Hurrah for England, we’re going to stuff the Aussies in the Ashes. Well, I can hope. But the Ashes are significant this year not JUST because of England’s imminent historic whitewashing of Ricky, Shane and chums (am I tempting fate yet?). It’s also the first Ashes to have its own ‘mobishow’.
What’s that when it’s at home? A made for mobile TV show called Ashes Down Under, which consists of three-minute episodes consisting of news, reports, banter and contributions from current England captain Andrew Flintoff AND his crocked predecessor Michael Vaughan.
“It’s about taking something like the Ashes, which is going to be a massive event over here, and creating a suite of content around it,” says Pete Russell from Player One, the firm behind the mobishow. “Sky have the live and highlights rights for the actual event, but there’s a lot more you can do with it.”
Each three-minute mobishow is hosted by
orange leading TV presenter Mark Durden-Smith, including updates from Michael Vaughan, highlights from the last Ashes series, and clips from a roving reporter Down Under. There’ll also be plenty of interaction, with viewers able to send in video, text and picture contributions from their phone, and pose video questions to be answered by Flintoff.
“Getting individuals like Vaughan and Freddie involved is critical, as they’re the guys at the coal-face, and people want to hear their views,” says Russell. “The key for us is to make sure there’s some relevance for viewers. We’ve also done a deal with an animation company in Australia, so if something dramatic happens, we can get a new animation of it out in 48 hours.”
Player One has also created other video Ashes content, boiling each of the last Ashes series’ test matches down to a two-minute highlight sequence. Apparently operators are keen on all this content around big sporting events, particularly when they don’t have the rights to show the action live on their mobile TV services.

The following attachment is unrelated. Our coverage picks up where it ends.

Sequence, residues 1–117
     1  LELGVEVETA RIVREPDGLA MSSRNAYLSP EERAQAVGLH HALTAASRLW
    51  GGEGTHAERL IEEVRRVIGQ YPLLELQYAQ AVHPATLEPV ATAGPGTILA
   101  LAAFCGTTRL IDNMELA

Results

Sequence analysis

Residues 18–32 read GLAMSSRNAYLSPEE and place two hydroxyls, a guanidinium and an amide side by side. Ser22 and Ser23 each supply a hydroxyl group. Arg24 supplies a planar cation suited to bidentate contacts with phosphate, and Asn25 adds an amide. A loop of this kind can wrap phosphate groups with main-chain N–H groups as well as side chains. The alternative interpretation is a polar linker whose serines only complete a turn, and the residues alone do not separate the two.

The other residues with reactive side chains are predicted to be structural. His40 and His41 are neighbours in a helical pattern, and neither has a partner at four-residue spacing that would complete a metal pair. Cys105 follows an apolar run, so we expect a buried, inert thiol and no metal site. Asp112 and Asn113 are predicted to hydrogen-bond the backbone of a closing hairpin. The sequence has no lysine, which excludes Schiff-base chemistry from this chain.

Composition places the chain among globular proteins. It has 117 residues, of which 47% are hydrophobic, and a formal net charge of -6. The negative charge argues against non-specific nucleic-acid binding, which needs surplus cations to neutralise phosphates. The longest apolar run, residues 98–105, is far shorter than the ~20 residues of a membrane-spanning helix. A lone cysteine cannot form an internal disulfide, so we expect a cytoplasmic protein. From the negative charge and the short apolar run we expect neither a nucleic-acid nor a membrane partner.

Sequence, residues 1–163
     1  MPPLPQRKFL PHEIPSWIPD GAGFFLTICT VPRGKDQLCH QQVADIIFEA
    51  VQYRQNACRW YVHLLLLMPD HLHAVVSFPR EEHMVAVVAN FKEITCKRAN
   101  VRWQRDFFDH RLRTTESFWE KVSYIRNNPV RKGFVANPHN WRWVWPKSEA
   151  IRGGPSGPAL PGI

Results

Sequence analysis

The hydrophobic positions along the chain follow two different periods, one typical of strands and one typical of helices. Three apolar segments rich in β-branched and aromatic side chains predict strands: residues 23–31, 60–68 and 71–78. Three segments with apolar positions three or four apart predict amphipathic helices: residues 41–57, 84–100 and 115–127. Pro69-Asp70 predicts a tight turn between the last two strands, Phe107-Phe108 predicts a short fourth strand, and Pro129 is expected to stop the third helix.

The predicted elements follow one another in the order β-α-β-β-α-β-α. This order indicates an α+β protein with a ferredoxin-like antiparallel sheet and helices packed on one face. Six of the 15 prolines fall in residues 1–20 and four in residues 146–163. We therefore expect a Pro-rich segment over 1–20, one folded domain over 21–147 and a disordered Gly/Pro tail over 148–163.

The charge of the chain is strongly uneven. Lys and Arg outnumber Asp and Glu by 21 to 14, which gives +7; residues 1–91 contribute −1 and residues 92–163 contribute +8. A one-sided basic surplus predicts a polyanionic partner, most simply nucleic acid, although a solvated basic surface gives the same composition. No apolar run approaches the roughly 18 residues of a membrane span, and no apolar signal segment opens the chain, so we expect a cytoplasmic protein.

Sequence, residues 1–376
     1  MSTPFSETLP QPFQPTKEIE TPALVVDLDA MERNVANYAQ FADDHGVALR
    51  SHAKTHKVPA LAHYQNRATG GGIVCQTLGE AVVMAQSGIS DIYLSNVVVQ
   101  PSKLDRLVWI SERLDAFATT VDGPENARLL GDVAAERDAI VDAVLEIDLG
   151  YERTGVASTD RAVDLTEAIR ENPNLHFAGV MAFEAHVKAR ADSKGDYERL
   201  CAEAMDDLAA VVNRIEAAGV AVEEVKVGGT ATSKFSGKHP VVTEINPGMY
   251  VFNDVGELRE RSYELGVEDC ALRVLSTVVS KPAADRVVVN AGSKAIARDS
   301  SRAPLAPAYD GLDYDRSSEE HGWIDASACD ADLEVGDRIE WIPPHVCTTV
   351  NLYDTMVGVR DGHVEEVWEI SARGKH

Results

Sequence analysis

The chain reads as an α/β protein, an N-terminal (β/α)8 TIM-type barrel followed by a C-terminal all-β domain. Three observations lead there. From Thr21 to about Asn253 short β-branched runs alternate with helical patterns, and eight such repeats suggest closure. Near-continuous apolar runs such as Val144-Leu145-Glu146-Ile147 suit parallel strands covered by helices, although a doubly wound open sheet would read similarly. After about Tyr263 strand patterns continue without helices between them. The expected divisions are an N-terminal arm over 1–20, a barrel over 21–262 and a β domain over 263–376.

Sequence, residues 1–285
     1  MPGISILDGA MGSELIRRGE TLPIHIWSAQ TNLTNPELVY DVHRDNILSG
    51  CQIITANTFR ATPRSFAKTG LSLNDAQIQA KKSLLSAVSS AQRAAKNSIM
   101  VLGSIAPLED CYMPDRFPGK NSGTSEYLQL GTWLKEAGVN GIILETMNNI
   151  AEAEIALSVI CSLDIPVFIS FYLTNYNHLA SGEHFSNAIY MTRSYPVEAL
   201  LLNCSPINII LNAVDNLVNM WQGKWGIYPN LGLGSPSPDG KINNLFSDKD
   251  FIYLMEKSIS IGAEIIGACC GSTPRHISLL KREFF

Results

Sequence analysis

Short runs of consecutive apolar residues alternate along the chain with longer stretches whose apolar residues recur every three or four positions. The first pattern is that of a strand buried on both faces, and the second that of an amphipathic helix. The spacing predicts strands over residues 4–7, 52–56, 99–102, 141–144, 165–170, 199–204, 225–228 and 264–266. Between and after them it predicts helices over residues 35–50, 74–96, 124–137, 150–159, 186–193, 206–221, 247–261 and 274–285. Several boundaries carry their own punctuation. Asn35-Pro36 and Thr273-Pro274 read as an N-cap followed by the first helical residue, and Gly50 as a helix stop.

“Live and highlights is obviously important, but I’d question whether a lot of people will actually want to watch the Ashes live on their phones,” says Russell. “We’re taking the view that there’s a lot of downtime around it – it’s a three-month tour – so let’s get some interesting titbits in there to plug the gaps when there isn’t any live action.”
Player One has teamed up with production firm Twofour Mobile to actually make the mobishows, which Russell says is important because they really are made for mobile, rather than just trying to squeeze a traditional TV broadcast into a phone. He admits that it’s been a technical challenge making the mobishows look good on some less powerful handsets, but says Twofour’s specialist knowledge was crucial.
“Mobile is the focus right now, but this is a multi-platform play,” says Russell. “A lot of this content is going to work equally well on broadband. And in the future, mobile and broadband integration will be driven even more by content. We’re working on a Freddie Flintoff fantasy game, which will be online with a related mobile application. Within operators like Orange, the mobile and broadband content people are talking quite closely to each other, so it’ll be interesting to see how that goes.”